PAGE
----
Okay I can admit I have been a huge skeptic since Lightning was launched last year! I dragged my heels for over a year before I finally launched Lightning for all of my users. I was determined not to do it or at least put it off for as long as I could. It seemed that so much was missing for administrators and developers, it was easier to stay in the Classic UI. During the day I’m an advanced administrator working closely with my in-house developer and we use multiple sandboxes for development and testing. For us, accepting Lightning has been a slow process because at first it was not clear that the benefits outweighed the drawbacks.
Lightning was initially launched for the purpose of improving businesses that used Salesforce as a sales engine. The improved look and feel to Accounts, Opportunities and Contacts were the big leap forward for B2B companies or even B2C companies that have less focus on service features. Since we are more focused on Service Cloud and our Customer Experience, and on less forecasting and pipeline it didn’t make sense for us to make the leap right out of the gate. This excuse only carried us through the first 3 to 6 months, though. Once the subsequent releases starting adding features and fixing some bugs, we didn’t have much to left to hang onto as legitimate excuses for avoiding Lightning.
Our reluctance really comes down to habit. People get used to working and moving quickly in a particular environment. When the Lightning UI came out it was (and still is) beautiful, but it’s a massive change across the board. The setup section is completely different and there are still details that show up in the classic look and feel.
So here we are over a year later, and we finally unleashed a whole new intranet portal for our users built completely on Salesforce Lightning Experience, and launched primarily in Chrome. For us this browser works best and looks better then IE. In fact it has been a success. All of our users like the look and feel of it. I am actually doing administration in Lightning (shocker!).
Now that some additional bugs have been fixed and a few releases have come out, I have eased into Lightning and I am starting to feel more confident with it. Lightning has some features that are not available in Classic. These include the Kanban view, the Pathing concept (whether for sales or service), the calendar option, and being able to add charts to list views. These are just a few features that have improved the user experience and have potential to improve our level of customer service and even increase our sales.
Salesforce is good about delivering on their promises, which is one of the many reasons why I like the company and working on their platform. It is exceptionally rare to see a tech company actually pay attention to suggestions and recommendations from their community. Not only does Salesforce acknowledge their community, they follow through on the community’s input. Yes Lightning is a big change and that change was nerve-wracking because our environment is highly customized. Change is not always a good thing, but I firmly believe we have made the right decision to finally launch Lightning. But if you plan and launch the transition with the support of your team and your users, Salesforces Lightning Experience can be very successful.
Hey, I almost forgot to mention the Dashboards and Reports are just plain beautiful in Lightning!
Check out these other resources about Lightning:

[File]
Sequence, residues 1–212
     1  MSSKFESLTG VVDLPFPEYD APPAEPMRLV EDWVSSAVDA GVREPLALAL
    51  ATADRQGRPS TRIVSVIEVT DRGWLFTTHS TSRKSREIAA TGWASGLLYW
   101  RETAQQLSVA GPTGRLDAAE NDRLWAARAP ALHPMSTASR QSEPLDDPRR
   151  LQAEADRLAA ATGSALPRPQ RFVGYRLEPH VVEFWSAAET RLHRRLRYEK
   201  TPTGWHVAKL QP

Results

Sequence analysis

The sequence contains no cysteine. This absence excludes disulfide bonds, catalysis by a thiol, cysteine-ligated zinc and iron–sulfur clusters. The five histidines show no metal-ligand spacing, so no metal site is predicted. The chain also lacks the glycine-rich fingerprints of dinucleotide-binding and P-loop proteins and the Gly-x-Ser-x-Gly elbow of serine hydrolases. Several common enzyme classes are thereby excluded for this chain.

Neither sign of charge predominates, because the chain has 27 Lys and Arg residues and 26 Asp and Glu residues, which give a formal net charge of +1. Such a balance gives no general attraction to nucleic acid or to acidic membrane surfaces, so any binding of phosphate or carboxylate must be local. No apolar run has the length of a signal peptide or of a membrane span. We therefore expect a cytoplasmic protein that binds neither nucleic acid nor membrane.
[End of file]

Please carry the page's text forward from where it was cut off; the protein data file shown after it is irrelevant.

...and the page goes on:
Now that I have realized Lightning is not as bad as I thought it was there is still the task of transitioning to the new UI. Salesforce’s Trailhead has been instrumental in helping me to feel better prepared to roll out Lightning Experience to my users.
Now that I have realized Lightning is not as bad as I thought it was there is still the task of transitioning to the new UI. Salesforce’s Trailhead has been instrumental in helping me to feel better prepared to roll out Lightning Experience to my users. With that said there are times when one can be over prepared. I feel as if I am over-stressing about migrating to the Lightning Experience. I am reviewing the numerous modules and trails about Lightning Experience. There is a ton of content, articles, trails and modules around this topic. I think the fact that there is so much content and focus on this it is making it even more overwhelming for me.
That is not to say that the modules and trails in Trailhead are not very helpful, they are. The modules are simple and very clear. I love Trailhead and only wish that Salesforce could have come up with this new training program years earlier. This new Salesforce training concept and site is stunning. Unfortunately the trails and modules around preparing a Lightning Migration does not alleviate the stress of the change. If your company and org is anything like mine then this is not a project that can take up a large amount of your time. As a member of my company’s IT time we are constantly prioritizing projects and finding ourselves knee deep in development of one kind or another.
As much as Salesforce can give advice and preparation about including key stakeholders and having your executives on board with a Lightning rollout in the end you (Admin and possibly Developer) are doing the majority of the heavy lifting. I need to feel comfortable with what needs to change, what will and will not work in Lightning experience. We also want to improve our users’ ability to navigate to the items they themselves will use in their role. This means (for me) a revamp to profile mapping and having to lay out all new Apps that are profile and department specific.
Obviously this is something that goes hand in hand with any new transition for a UI. As an admin and an IT professional I should not be surprised and in truth I am not. Unfortunately this not the type of project that can or ever will take priority as much as I (or you) would want it to. Salesforce is good as saying that something like this is not a simple transition and should be considered a priority if it will improve your Business. I agree but transitioning your UI is not necessarily going to raise your ROI immediately especially if you have development that is ongoing that is in fact improving said ROI.